Magazine

PT the Auditor

I Agree With Everything Except ...

By John Van Horn

The Boss gave me a quick preview of this month's letter to the editor - boy, that guy Rollo has some strong feelings about putting a pay-on-foot machine in an exit lane so people can pay from their cars. And, frankly, I agree virtually 100 percent with everything he said.
As an auditor, I think the idea of getting people to pay before they get to the exit is where we need to be, unless they are using credit cards. We need to get as much cash out of the process as we possibly can. It's the cash that causes the problems.
Cash is hard to count, it costs money to get it to the bank, and since its cash, it also can have little feet that allow it to take off like my sister's new pups. It can easily get out of control.
I have seen numbers that cause me to believe that the fee one pays the credit card companies is actually less than the cost of dealing with cash. In the end, you are way ahead to get it out of your garage.
I know a fellow in Chicago who runs a pay-on-foot garage, and I told him to make it cashless. He told me that I was crazy, that he had to have the facility for cash in the garage.
I asked him what percentage of the parkers used credit cards. He said more than 90 percent.
I told him he already had a cashless garage; all he needed to do was put up a sign.
Pay-on-foot systems that accept all types of cards and other methods of payment beside cash make my auditor's life much easier. They also make for a faster transaction, less queuing and a quick exit. What more could a driver want?
Think back on how long it takes to deal with shoving a dollar bill into a slot, which then rejects it, and you smoooooth it out and it rejects it again and you turn the bill over and then it rejects it yet another time. So you try another bill - and it starts all over again. Then you have to wait for the change, get the change out, put it in you purse or wallet, and off you go.
In a cashless situation, the issue is solved in a wink of an eye. But I digress, kinda.
However, PT's letter-writing correspondent this month did forget one application that does make some sense for the "automated pay on exit."
An Automated Pay on Exit can become an "extra" cashier. This is particularly true in garages where the design simply doesn't lend itself to central Pay on Foot. Installing one POF at an extra exit rather than six or seven to cover all pedestrian entrances can make sense.
These can also be used for after hours when traffic is slow.
At one garage I know, they closed the booth at 10 p.m. and opened the gates. They simply lost all the revenue for folks who left after 10.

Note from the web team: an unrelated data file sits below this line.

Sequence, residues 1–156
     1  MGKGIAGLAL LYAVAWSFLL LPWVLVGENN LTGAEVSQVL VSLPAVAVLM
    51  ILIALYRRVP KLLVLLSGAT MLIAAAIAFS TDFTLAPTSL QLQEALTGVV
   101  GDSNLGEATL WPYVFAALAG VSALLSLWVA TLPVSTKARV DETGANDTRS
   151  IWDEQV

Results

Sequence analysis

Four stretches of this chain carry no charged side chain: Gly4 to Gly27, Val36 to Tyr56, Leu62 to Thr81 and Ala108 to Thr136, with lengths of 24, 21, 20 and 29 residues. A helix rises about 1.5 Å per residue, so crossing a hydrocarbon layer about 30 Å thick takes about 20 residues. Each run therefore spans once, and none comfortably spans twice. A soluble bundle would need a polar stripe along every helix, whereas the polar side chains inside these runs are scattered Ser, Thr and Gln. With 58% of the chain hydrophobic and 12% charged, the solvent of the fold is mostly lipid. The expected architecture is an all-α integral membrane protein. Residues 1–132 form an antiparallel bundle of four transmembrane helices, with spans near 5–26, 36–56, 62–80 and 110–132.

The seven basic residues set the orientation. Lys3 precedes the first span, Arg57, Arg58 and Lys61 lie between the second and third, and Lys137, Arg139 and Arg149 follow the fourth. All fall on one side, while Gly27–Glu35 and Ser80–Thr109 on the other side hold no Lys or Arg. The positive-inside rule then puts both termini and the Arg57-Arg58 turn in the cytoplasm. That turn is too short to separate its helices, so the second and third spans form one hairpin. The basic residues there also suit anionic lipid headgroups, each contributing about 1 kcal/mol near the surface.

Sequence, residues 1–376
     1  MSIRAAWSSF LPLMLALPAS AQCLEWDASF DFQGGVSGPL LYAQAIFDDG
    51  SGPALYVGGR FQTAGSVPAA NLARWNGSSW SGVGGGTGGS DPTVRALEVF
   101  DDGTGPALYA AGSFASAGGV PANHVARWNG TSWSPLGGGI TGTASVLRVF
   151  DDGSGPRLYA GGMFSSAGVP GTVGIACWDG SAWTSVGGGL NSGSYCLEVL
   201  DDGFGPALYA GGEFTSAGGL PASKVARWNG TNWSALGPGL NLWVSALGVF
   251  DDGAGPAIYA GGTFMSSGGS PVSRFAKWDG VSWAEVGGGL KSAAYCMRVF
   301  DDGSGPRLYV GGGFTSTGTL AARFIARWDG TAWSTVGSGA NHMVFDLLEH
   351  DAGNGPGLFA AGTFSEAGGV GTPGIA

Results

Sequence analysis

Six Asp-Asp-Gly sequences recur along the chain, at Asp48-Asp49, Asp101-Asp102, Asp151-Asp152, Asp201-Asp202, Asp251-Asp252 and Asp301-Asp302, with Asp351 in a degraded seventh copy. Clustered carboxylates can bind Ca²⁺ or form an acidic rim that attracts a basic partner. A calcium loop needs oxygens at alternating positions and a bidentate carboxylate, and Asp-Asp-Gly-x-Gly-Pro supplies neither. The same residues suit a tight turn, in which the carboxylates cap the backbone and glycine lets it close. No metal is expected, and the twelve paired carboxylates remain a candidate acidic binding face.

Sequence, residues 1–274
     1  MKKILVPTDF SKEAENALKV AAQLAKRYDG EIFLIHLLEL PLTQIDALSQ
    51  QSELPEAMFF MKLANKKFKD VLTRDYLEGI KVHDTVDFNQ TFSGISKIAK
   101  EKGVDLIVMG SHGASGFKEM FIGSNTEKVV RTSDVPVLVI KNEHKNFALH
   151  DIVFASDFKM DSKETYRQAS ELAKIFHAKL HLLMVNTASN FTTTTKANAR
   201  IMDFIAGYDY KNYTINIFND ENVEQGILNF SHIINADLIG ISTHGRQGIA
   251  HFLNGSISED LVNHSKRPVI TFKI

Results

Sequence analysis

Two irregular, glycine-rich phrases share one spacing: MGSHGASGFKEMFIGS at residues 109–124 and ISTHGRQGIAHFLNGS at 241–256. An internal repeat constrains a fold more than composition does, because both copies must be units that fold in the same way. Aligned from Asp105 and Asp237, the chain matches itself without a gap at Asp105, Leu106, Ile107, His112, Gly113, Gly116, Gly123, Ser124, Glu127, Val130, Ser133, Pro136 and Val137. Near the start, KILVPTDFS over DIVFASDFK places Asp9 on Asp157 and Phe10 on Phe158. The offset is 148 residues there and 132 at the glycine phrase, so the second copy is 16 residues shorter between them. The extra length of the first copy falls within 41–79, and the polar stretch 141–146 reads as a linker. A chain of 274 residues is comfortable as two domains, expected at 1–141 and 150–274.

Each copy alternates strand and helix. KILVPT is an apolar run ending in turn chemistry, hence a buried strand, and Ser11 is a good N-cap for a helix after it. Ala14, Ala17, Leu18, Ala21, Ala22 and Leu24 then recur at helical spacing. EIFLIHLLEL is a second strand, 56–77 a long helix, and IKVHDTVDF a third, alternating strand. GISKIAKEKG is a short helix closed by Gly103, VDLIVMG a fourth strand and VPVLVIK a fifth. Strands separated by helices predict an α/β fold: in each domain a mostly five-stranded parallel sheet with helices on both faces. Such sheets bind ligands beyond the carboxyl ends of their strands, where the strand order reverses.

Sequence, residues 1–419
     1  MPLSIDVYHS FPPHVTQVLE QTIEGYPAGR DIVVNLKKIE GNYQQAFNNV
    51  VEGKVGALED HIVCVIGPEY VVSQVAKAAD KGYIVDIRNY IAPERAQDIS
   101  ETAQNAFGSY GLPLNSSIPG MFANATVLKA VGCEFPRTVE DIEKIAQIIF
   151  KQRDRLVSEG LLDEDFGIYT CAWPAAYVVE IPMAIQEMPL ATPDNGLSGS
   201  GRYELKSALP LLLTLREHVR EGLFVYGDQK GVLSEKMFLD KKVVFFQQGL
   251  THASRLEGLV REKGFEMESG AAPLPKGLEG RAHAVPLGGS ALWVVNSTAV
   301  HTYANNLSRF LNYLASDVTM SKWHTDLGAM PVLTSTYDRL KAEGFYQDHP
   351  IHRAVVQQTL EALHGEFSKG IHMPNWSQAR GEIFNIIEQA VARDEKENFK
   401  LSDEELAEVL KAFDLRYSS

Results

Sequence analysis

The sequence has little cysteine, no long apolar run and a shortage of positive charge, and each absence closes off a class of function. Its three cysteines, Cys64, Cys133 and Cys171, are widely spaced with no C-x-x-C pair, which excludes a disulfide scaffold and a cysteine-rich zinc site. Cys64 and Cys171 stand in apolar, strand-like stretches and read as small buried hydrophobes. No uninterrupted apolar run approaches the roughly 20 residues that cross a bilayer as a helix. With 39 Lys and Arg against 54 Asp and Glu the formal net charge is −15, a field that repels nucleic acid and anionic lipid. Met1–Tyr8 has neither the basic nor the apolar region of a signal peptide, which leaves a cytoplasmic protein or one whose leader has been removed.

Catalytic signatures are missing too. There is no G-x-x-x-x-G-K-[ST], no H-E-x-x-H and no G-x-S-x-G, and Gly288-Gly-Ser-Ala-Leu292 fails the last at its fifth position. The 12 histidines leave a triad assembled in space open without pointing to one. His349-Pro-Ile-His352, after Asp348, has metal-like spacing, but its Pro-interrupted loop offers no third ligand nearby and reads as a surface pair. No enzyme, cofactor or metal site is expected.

So you continue with your pay-on-exit operation, but you don't want to leave a cashier there all night. You have to figure out what time to let the cashier go home and you still have the payroll costs to cover.
A garage I know in Northern California was keeping its cashier on duty and extra five hours a night at a cost of $12 an hour and collected an average of $100. They also were closing the garage on Sunday. I suggested an automated pay-on-exit machine. It accepted cash, credit cards and gave change. They also had two cashiers on between 10 and 6 to handle extra traffic.
They took my advice, installed one Pay on Exit, and replaced one cashier and allowed the other to go home at 10 p.m. The net savings was 12 hours of payroll a day plus they were able to open weekends. AND they collected all their tickets.
(Can you imagine the headache of trying to audit a lot that opened its gates nightly and had beaucoup lost tickets? And of course every one was one that left after the lot closed. But I digress.)
They saved enough in payroll to pay for the machine in less than six months, plus picked up the cash they were loosing by kicking open the gates.
All the issues about queuing up and good service go away when there's no line. And since there were only a few customers each night, and the facility was pay-on-exit anyway, everyone was happy.
Oh yes, once the owners saw how popular the Pay on Exit machines were, they elected to purchase a few more and move them all in to specific locations in the garage, converting it to all Pay on Foot. They would never have done that without the interim step and the experience of seeing how well the machines worked.
WOOF!!

Article Abstract from May, 2006




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